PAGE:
As expected Channel 4’s Dispatches programme ‘Under Lock and Key’ – which told the story of families whose vulnerable young people are locked away in hospitals – was not an easy watch.
The content really struck a chord with many of the Frontier team because we support people like Fauzia and Matthew every day. Except we do it in homes of their own as part of a supported living programme.
At Frontier we have a no physical intervention policy and we find creative ways to support vulnerable people with a range of needs including very challenging behaviour. Whether that means making changes to their environment to reflect their sensory needs – one lady struggles to cope with bright or multiple colours so our team dress accordingly and the decoration is kept very muted – or using positive risk taking strategies to give people control of their own lives – a gentleman who transitioned to us from an Assessment and Treatment Unit was used to being kept behind a locked door but now lives without any restrictions to his liberty. Yes, these things require thought, planning and continuous assessment. But it can be done and the results speak for themselves.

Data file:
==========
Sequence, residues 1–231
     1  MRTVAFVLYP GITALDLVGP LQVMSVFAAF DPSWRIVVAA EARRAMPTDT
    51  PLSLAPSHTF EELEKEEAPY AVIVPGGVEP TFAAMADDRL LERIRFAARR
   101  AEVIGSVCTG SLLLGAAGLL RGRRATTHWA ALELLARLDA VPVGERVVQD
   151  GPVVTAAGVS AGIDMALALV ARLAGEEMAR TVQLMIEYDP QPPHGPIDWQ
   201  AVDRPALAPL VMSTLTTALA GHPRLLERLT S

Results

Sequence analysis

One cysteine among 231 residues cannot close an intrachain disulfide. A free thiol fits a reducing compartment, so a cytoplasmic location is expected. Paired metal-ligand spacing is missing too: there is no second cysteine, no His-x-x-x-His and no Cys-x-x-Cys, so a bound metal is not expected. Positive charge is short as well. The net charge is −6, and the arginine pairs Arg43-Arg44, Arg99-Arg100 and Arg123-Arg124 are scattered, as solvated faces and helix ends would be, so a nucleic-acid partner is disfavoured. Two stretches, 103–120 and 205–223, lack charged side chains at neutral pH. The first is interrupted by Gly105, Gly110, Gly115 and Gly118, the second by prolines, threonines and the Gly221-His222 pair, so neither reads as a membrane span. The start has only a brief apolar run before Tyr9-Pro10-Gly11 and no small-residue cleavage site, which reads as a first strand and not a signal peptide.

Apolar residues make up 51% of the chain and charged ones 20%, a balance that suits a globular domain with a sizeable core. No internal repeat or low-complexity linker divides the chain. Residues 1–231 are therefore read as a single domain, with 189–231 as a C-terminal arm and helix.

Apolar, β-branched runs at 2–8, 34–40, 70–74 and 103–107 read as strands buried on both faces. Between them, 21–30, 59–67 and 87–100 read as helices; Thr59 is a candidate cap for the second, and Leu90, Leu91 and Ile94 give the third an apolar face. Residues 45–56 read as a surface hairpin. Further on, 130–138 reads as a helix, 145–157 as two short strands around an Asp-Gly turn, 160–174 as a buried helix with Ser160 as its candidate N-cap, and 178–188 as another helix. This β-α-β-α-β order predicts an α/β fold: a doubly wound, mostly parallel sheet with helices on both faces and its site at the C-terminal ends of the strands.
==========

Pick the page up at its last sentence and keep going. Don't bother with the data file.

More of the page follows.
It was extremely distressing to still be hearing about prone restraint, over medication and isolation but necessary to shine a light on the fact these practices are still in use. Lovely to see positive outcomes for Matthew and Fauzia. But how many still need help?
Many of the people we support actually moved out of these hospitals directly into their own homes and we (and their families) can see tangible differences in their behaviours and enjoyment of day to day life. We have one gentleman who was previously living in shared accommodation but found it very difficult sharing support with his housemates and his behaviour became extremely challenging. Since moving to his own accommodation he has one to one care and is therefore much happier and more comfortable. And since his needs are being met there have been no incidences of challenging behaviour. Plus he’s taking full advantage of the extra support by getting out and about and involved in local activities.
There’s a great deal of good practice in social care but clearly still much to be done and this programmeserved as a very useful and sobering reminder of that.